ESPNZone DAS gear in underground garage

ESPNZone DAS gear in underground garage

To make sure it could, AT&T said it deployed 10 cell towers on wheels (aka “COWS”) to the Phoenix area in advance of the weekend, while also upgrading its equipment at DAS installations like the one Crown Castle had at the University of Phoenix Stadium as well as at other points around town. AT&T folks were kind enough to supply us with plenty of photos of the deployments — we especially like the DAS built in an underground garage near the ESPNZone outlet in Phoenix.

Verizon also said it deployed 13 COWs and upgraded many DAS deployments in the Phoenix area prior to the Super Bowl, and even said it had a team of network technicians on hand to make sure traffic kept running smoothly.

How did it all work out? So far, we haven’t seen any reports of missed cellular connections during Super Bowl weekend (which also included the Waste Management golf tournament in the area, further adding to cellular pressure). What it does make us wonder about is the economic solution in the future to big-crowd wireless traffic concerns, which clearly aren’t limited to inside the event venue anymore. Are more portable deployments the way forward, or will we see more DAS installations that can be upgraded quickly on the fly?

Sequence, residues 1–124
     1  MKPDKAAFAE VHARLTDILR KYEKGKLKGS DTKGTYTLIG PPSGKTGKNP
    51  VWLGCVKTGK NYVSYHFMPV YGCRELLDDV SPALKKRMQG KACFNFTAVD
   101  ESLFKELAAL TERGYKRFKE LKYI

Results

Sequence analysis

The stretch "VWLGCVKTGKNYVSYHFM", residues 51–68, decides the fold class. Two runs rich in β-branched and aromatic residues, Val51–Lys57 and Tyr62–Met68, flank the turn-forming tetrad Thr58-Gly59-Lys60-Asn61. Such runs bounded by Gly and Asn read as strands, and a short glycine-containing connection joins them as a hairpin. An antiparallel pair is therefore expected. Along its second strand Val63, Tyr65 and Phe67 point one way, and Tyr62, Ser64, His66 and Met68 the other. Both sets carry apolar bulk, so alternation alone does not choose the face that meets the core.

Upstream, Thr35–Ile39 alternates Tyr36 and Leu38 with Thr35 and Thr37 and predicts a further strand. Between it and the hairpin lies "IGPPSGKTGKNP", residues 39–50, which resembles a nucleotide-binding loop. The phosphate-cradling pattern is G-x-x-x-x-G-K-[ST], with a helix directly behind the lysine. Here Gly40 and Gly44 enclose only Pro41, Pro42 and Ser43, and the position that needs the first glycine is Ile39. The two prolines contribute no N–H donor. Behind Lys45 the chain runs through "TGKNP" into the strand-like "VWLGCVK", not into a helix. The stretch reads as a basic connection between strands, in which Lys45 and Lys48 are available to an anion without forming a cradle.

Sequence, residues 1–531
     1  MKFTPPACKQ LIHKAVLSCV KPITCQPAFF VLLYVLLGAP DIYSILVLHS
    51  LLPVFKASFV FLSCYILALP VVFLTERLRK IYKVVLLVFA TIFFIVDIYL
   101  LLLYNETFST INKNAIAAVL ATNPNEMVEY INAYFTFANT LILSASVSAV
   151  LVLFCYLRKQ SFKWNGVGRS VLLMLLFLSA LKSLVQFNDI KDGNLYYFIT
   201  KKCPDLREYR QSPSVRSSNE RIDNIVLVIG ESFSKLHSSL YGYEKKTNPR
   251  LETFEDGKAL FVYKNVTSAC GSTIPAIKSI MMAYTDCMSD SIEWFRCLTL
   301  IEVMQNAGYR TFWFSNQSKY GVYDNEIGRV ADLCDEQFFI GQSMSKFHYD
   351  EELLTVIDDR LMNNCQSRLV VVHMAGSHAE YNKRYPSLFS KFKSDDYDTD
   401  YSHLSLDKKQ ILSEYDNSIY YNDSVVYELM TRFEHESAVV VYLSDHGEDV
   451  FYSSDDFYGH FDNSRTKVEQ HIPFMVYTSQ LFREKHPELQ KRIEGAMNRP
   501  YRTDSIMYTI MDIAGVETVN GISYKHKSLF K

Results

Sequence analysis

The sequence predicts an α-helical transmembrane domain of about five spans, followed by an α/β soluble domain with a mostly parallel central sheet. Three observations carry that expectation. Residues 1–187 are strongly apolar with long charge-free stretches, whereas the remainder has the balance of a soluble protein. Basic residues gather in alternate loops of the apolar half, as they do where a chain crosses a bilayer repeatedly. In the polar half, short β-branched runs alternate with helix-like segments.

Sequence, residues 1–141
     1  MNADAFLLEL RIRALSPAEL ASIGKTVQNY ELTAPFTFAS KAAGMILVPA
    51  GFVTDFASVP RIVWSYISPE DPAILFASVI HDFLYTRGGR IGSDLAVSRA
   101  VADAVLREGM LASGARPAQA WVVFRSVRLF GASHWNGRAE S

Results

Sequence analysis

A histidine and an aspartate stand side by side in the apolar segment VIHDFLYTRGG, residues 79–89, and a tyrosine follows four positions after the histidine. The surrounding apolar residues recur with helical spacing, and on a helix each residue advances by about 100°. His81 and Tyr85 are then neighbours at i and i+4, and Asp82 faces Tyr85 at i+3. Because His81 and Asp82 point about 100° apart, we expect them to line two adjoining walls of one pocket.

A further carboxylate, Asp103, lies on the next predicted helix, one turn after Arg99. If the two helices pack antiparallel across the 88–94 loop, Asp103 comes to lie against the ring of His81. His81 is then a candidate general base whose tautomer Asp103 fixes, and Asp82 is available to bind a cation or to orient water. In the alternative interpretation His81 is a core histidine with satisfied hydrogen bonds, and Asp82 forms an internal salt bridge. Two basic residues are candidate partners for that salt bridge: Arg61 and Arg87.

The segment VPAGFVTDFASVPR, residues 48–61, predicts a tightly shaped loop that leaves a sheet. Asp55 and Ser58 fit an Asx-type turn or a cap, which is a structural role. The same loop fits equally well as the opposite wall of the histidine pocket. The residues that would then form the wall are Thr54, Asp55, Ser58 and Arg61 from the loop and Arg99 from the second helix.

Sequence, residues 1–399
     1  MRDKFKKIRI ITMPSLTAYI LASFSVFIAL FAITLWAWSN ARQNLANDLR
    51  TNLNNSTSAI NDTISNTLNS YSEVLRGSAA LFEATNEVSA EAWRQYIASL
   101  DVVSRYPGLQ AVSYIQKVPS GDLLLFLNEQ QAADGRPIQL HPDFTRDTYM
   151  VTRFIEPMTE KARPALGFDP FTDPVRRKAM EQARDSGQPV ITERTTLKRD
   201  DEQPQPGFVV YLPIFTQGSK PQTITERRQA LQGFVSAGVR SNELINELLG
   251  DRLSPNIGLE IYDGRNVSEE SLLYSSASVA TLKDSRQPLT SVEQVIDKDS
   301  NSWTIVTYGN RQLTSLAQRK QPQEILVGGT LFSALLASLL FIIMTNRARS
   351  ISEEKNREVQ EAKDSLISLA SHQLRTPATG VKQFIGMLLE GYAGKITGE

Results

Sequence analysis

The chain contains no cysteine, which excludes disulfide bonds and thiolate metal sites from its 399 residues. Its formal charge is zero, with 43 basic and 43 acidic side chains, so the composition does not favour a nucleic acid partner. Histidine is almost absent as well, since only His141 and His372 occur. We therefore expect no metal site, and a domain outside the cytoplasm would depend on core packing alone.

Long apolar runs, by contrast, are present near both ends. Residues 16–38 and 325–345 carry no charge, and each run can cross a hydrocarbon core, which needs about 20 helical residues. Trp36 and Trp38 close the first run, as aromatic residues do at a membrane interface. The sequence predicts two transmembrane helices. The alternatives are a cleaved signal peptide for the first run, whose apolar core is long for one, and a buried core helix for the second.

More photos below!

AT&T COW with box on roof

AT&T COW with box on roof

Another AT&T COW

Another AT&T COW

AT&T COW at Wild Horse Pass

AT&T COW at Wild Horse Pass

AT&T COW deployment in downtown Phoenix

AT&T COW deployment in downtown Phoenix

Downtown COW on a roof

Downtown COW on a roof

ESPNZone DAS cabling run

ESPNZone DAS cabling run

Hyatt Gainey Ranch COW

Hyatt Gainey Ranch COW

Super DAS: Crown Castle’s neutral host infrastructure aims to keep Super Bowl XLIX fans connected, inside and outside the stadium